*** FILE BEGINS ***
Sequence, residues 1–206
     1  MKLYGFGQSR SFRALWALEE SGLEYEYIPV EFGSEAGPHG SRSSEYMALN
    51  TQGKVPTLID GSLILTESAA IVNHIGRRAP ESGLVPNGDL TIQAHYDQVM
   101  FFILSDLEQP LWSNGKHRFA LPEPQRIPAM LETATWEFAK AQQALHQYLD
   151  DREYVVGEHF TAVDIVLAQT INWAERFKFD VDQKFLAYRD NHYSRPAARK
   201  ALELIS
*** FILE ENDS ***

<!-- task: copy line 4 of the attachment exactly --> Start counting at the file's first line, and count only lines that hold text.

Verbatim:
   101  FFILSDLEQP LWSNGKHRFA LPEPQRIPAM LETATWEFAK AQQALHQYLD